Many states have suffered from public officials being involved in
ethics scandals. While sometimes there is talk of reform and other
overtures, comprehensive reform is most often elusive. However, some
states have managed, either in response to one particularly egregious
event or a history of problems being overturned in a wave of
dissatisfaction, to truly make a fundamental change. This year
Connecticut once again moved forward with a multi-year ethics reform
initiative, and Louisiana enacted one of the most far-reaching ethics
overhauls any state has in generations.
Illinois stands out as a state famous for corrupt politics. For
generations, patronage and pay-to-play politics have been raised to an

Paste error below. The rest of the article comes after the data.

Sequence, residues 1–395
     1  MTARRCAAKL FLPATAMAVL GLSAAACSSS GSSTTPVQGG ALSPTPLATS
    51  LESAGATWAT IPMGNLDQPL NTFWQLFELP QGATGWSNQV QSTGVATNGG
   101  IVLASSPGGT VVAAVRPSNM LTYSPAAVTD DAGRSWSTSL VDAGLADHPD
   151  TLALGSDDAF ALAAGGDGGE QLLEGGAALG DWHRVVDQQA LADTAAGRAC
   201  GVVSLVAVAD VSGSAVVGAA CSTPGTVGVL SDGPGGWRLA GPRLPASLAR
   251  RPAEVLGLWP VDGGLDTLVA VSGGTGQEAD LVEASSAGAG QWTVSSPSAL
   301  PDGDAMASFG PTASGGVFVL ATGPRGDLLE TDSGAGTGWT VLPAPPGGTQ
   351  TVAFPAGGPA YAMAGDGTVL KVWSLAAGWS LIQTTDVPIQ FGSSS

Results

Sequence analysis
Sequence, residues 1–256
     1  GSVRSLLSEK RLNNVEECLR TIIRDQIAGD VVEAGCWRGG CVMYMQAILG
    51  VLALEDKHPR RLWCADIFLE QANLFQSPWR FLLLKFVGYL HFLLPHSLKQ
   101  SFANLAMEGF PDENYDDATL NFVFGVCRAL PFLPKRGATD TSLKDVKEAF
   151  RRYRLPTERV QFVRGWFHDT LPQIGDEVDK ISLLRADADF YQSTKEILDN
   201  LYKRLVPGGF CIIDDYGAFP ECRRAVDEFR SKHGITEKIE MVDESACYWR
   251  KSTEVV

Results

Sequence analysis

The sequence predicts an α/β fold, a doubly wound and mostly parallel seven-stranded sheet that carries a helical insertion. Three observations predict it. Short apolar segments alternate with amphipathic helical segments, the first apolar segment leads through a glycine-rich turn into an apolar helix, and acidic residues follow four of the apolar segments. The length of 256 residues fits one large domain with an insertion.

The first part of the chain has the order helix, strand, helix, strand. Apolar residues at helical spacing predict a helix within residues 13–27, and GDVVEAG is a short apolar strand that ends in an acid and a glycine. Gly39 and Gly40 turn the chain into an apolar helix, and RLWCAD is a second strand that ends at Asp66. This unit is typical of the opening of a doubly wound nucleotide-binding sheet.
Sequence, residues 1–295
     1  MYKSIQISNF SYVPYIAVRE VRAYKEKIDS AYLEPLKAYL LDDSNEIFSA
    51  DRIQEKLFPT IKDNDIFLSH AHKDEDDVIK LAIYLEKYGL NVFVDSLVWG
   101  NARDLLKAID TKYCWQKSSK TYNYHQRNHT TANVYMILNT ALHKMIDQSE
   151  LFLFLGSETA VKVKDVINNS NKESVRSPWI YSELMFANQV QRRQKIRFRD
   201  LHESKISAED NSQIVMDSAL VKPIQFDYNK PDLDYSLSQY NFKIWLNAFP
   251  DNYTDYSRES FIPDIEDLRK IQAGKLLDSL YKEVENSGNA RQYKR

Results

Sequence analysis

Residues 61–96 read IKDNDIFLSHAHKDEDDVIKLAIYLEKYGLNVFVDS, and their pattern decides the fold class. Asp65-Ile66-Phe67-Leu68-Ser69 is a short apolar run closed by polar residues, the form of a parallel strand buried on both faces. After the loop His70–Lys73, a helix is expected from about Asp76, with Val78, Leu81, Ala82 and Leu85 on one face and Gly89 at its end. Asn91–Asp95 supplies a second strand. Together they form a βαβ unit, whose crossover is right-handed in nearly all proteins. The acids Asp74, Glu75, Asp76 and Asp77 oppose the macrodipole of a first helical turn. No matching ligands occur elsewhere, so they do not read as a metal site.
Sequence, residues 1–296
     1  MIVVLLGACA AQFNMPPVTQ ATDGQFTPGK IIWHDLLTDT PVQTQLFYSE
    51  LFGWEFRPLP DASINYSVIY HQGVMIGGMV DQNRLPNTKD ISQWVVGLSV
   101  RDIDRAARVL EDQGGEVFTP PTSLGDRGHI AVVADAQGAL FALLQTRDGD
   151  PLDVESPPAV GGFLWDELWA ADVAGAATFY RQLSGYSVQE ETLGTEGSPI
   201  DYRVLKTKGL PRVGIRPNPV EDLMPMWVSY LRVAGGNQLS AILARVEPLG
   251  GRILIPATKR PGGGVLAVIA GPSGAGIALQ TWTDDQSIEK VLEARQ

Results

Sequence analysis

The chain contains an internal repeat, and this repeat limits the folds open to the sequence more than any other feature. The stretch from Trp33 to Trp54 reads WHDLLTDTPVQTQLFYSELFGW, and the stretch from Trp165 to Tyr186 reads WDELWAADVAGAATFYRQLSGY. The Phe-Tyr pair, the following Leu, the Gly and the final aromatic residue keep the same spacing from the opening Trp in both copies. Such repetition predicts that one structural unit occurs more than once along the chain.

art form by state and local politicians. The state's last governor is in jail for racketeering. The current governor
is under federal investigation for allegedly giving jobs and no-bid
contracts to campaign supporters, more than 200 of whom have given the
governor checks for exactly $25,000. Advocates of good government such
as the Illinois Campaign for Political Reform have fought for years to bring the states' corrupt government officials to heel.
At the core of many voters' frustrations with government is the sense
that, too often, politics is for sale. High-priced lobbyists offering
"gifts" to lawmakers swarm state legislatures; companies looking for
public contracts get too cozy with those handing out public money; and
corporate campaign contributions grease the wheels as public policy is
auctioned to the highest corporate bidder.